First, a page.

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Samuel Beckett

Samuel Beckett was born in a suburb of Dublin, Ireland. He worked as a teacher of French at Trinity College, Dublin, and École Normale Supèrieure in Paris, where he also settled permanently in 1938. In his writing he alternated between English and French and translated his own works. During World War II he joined the resistance and was forced to flee to the French countryside. Toward the end of the war, he worked as a volunteer for the Red Cross. Beckett’s major literary breakthrough came during the 1950s, when he wrote a series of groundbreaking plays and novels.

Samuel Beckett produced his most important works—four novels, two dramas, a collection of short stories, essays, and art criticism—during an intensely creative period in the late 1940s. Irishman Beckett had settled in France and wrote in both French and English. His experiences during World War II—insecurity, confusion, exile, hunger, deprivation—came to shape his writing. In his most famous work, the drama Waiting for Godot, he examines the most basic foundations of our lives with strikingly dark humor.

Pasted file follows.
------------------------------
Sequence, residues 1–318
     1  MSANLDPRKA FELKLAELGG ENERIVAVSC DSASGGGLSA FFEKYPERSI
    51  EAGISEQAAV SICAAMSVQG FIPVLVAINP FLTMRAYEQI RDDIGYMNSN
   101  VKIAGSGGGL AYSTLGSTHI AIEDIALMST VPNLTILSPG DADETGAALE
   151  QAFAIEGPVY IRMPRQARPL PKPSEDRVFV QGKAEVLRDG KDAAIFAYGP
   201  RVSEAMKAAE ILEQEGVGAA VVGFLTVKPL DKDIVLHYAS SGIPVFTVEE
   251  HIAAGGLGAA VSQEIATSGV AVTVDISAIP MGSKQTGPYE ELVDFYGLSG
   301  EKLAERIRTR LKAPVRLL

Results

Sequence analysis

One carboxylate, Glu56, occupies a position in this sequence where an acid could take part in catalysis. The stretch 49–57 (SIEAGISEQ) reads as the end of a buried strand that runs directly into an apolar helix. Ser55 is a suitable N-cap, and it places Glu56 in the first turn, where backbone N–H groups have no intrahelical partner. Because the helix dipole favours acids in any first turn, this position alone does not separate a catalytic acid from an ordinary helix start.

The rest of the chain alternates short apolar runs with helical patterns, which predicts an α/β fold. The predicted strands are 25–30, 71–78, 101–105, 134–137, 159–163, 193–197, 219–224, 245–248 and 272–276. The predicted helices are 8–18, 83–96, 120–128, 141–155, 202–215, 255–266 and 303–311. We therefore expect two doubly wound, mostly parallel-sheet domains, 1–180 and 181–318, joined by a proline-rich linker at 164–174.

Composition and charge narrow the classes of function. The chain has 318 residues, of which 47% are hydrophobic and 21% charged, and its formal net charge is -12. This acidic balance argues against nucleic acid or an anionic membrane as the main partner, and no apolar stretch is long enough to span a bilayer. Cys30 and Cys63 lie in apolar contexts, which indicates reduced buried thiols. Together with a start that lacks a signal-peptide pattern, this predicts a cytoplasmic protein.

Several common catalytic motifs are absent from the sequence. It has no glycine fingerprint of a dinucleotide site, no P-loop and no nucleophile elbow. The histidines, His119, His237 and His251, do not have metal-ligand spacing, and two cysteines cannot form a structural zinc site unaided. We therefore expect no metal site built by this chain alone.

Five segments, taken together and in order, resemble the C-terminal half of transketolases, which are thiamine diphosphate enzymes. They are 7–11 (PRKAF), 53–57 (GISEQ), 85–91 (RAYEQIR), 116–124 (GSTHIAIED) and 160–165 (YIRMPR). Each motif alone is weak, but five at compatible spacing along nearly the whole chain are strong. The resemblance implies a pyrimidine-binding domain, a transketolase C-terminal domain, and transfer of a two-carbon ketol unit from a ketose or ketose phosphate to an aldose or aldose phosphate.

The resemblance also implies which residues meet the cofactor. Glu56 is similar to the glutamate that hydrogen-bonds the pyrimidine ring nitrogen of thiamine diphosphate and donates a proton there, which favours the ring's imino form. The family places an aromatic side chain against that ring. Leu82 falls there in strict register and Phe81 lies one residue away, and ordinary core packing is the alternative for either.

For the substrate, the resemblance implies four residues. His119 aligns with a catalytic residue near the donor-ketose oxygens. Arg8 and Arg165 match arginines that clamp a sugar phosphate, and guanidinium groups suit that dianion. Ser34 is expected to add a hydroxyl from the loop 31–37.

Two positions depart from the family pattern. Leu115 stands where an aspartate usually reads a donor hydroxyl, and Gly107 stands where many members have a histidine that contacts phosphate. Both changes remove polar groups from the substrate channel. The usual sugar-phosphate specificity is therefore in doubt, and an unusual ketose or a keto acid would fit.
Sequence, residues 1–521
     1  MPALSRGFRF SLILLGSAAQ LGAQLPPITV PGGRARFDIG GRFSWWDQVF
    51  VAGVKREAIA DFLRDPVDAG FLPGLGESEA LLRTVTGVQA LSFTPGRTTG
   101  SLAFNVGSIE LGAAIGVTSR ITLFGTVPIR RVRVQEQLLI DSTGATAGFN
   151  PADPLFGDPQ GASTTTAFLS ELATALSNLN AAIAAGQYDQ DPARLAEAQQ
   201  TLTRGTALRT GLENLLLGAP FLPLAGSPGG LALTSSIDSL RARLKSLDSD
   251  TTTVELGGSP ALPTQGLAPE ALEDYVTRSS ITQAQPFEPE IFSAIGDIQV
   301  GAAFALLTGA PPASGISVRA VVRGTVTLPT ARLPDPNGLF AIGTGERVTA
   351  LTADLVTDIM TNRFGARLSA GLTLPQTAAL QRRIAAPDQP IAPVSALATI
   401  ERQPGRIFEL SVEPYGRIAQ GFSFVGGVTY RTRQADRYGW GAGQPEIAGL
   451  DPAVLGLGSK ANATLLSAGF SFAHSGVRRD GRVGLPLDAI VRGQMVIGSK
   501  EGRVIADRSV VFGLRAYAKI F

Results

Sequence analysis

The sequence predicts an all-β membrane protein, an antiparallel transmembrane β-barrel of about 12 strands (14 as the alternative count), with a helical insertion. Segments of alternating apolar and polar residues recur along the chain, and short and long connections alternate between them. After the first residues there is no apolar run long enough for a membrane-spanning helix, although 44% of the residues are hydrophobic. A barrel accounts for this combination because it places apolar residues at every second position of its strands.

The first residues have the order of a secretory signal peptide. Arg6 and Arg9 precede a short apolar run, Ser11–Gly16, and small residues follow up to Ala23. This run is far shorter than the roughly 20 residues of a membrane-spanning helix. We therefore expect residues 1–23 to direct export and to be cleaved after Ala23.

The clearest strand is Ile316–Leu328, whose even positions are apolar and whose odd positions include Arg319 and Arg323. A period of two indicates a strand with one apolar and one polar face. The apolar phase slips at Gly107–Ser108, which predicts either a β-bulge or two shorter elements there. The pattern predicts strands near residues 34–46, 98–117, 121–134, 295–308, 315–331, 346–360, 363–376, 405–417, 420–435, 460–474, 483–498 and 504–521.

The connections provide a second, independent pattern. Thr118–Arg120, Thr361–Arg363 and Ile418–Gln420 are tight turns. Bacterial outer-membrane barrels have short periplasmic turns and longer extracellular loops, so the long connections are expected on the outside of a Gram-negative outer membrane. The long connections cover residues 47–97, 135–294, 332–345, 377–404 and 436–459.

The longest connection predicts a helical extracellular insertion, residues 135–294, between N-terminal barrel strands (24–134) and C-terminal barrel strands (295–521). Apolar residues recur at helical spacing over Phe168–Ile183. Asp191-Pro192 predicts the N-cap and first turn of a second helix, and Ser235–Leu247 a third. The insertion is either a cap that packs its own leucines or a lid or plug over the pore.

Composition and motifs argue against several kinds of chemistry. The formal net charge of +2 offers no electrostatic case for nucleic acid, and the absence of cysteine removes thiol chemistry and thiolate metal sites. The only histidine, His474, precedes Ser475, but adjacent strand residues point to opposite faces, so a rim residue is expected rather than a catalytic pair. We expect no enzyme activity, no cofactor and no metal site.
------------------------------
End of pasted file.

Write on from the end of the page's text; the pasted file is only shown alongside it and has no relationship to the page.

_From: Samuel Beckett – Facts. NobelPrize.org. Nobel Prize Outreach AB 2024. Fri. 23 Feb 2024.